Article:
The Photographer’s Ephemeris (TPE) is a must-have app for any outdoor photographer. It allows you to see where the sun (or moon) will be at a particular time on any day of the year.
Use it to pinpoint your intended location then note where the sun will be. Zoom out of the map until you see the whole of the UK. At this level you should be able to see where the yellow or orange sunrise/sunset lines start and finish.
The ends of these lines are where the sun will appear/disappear and this detail is particularly useful at sunrise or sunset. Click on the details button below in the bottom right then move the time slider to see the yellow and orange lines move, indicating the sun’s position throughout the day.
Cloud overhead but not covering the point of sunrise or sunset might allow for some interesting pre-dawn or post-sunset colour as the cloud gets lit from behind. Different types of cloud filter light in different ways so partial cloud can create all sorts of colours in the sky. However, thick raincloud that stretches for miles is unlikely to be conducive to colourful effects.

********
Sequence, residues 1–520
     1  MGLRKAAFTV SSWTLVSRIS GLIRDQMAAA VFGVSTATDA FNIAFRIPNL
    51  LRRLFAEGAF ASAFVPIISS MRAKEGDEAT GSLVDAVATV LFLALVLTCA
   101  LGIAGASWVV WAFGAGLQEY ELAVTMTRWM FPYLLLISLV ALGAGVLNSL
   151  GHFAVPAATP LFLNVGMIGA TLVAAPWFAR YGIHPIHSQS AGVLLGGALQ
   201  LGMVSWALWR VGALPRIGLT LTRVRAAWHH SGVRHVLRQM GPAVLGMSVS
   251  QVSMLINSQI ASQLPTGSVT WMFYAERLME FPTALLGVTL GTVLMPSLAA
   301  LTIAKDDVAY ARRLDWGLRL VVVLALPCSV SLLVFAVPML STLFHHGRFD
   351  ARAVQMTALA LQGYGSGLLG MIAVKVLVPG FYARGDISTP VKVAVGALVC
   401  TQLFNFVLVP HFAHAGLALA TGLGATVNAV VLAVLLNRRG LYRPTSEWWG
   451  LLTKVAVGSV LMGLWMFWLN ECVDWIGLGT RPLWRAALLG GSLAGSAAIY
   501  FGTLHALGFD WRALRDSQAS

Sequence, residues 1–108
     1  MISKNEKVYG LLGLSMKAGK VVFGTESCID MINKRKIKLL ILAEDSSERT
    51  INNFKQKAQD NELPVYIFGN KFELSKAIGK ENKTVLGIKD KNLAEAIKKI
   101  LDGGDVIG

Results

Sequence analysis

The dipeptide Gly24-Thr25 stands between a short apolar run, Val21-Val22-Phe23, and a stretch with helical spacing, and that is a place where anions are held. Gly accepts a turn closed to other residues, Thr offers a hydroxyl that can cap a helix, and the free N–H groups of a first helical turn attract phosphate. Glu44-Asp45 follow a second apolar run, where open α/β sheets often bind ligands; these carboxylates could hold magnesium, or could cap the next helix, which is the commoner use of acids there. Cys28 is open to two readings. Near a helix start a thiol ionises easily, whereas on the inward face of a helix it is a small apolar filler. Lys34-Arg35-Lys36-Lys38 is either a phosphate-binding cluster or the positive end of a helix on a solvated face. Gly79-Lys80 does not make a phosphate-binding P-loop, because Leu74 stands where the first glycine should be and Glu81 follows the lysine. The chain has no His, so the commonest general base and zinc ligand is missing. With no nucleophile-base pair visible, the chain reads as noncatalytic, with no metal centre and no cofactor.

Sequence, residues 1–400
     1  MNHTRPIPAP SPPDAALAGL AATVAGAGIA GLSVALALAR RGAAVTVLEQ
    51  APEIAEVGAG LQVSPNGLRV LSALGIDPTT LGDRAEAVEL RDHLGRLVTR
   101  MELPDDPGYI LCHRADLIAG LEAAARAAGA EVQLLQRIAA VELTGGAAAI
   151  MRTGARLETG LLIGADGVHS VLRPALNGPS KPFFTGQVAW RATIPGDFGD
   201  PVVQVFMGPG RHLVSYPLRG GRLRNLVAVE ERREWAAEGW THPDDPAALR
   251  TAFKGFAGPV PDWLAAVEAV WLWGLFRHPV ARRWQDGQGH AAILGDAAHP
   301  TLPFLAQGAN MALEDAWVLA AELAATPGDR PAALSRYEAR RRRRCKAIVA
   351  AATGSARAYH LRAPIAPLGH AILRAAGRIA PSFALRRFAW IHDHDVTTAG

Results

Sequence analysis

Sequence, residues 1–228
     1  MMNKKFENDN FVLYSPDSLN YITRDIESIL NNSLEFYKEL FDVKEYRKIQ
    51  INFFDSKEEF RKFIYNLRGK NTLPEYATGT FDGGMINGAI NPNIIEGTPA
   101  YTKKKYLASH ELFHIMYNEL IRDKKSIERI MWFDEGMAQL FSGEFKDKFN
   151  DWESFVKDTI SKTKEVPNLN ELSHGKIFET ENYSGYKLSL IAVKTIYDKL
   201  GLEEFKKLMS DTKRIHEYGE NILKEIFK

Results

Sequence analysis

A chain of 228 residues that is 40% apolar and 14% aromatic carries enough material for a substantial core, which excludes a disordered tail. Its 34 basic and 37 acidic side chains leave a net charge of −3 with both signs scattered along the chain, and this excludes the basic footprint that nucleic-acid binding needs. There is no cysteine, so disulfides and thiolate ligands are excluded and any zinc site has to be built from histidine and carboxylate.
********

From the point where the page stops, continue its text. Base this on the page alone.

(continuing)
Note the sunrise or sunset time indicated by TPE and cross-reference that with the cloud cover at the next closest time on the Met Office forecast. Scroll through the cloud and rain forecast map and watch how the clouds move. Use this to predict roughly where cloud will be at the time you’re interested in.
Aside from looking at national forecasts, it can be useful to look at current conditions recorded near to where you’re intending to take pictures. There are many weather stations in people’s gardens or workplaces throughout the country and these can be invaluable sources of data. Often valleys have their own micro climates and regional weather forecasts don’t provide enough detail in these places.